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Archives: February 2013

Cathie Black’s Advice on How to be the Boss

Cathie Black, former chairman of Hearst Magazines, best-selling author, advisor, investor and board member in digital start-ups and entrepreneurial companies, offered her advice on being an excellent boss to The Daily Muse.

1. Be prepared. She revealed in the piece, “Something I often tell first-time managers: You don’t have to be the smartest person in the room, but you should be the best-prepared. When you know the facts and the stats, you’ll build confidence in your own decision making, not to mention impress your team and show them that you’ve really done your homework.” Read more

Mediabistro Course

Mediabistro Job Fair

Mediabistro Job FairLand your next big gig! Join us on Janaury 27  at the Altman Building in New York City for an incredible opportunity to meet with hiring managers from the top New York media companies, network with other professionals and industry leaders, and land your next job. Register now!

Three Ways to Bounce Back from Rejection

We know it all too well. You apply to a job online and think you’re a slam dunk candidate as in a no brainer to interview.

Lo and behold, a few days later you receive a form letter e-mail indicating the company will not be interviewing you. What gives? Here at MediaJobsDaily we like to chalk it up to the “it’s not me, it’s you” approach.

As in, anything could be going on internally. It could have been filled by an internal candidate, the hiring manager could have changed his or her hiring needs, the job could be put on hold soon unbeknownst to you, the boss’ boss’ nephew could have slid in the door. Anything could have happened so please don’t take it personally.

That said, when you’re pounding the pavement and hitting slammed door after slammed door, sometimes it’s hard not to move on. (And if you’re interviewing and getting close to a job offer several times and still haven’t gotten the coveted jobs, well in that case you don’t want to be remiss in looking at your interview style and realizing hey, it is you! But that’s a whole other blog post coming soon.)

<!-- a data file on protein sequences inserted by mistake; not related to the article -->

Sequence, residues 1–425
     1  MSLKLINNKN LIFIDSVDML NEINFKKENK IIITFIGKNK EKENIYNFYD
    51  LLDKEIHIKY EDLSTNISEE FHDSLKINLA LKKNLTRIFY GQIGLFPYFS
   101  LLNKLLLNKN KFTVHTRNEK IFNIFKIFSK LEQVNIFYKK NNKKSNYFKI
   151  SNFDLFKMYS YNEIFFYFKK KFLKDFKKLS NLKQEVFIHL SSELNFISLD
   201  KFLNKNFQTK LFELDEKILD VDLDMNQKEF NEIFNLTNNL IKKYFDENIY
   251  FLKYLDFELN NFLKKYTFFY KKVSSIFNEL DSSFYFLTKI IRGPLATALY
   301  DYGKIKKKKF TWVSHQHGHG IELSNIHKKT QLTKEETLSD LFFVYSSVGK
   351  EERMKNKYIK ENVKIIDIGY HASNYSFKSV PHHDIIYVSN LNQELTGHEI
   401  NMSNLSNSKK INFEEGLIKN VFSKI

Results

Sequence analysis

According to Dr. Lynn Joseph, columnist at The Washington Post, there are a few things you can do to bounce back from initial rejection. Read more

How to Properly Complain at Work

We know what you’re thinking. We should all be positive at work, right? Happy, happy, happy!

Well, there’s usually one person in the bunch who complains all of the time but then it quickly spreads to even the most well-adjusted colleague.

In another instance, complaining could fester because there’s a legitimate issue and no one is raising it up the flagpole.

Sigal Barsade, professor at The Wharton School at the University of Pennsylvania, told The New York Times, “If we suppress our dissatisfaction, it will come out in other ways, and it will reduce our cognitive function.” She added, “You get a complaining culture.” Read more

Fake Kickstarter Marketer Lands At AOL

called out Sander Saar for creating a clever “fake Kickstarter” viral resume, in which employers could “pledge” to take him out for coffee, give him a two-week tryout, and more, we criticized his execution.

“He doesn’t present very well in video…while an interactive CV is clever, Sander really should have his actual resume on the site.” And so on.

Well, check it out. According to his LinkedIn page he has been working at goviral, an online video distribution agency in AOL’s group, in London, since last September.

Congratulations, Sander!

Al Roker: My First Big Break

Before he was everyone’s favorite forecaster on NBC’s “Today” Show, Al Roker paid his dues on the local TV circuit. The man who lives by the mantra “Don’t be a jerk!” has his own show “Wake Up with Al” on The Weather Channel, owns his own production company “Al Roker Entertainment,” has co-authored three mystery novels, written a couple of cookbooks, and a has penned a couple of New York Times Bestsellers.

So how did America’s favorite weather guy go from being a flannel shirt and overall wearing student at SUNY Oswego to media kingpin? Al said his first big break came from being in the right place at the right time when someone said the wrong thing at the wrong time.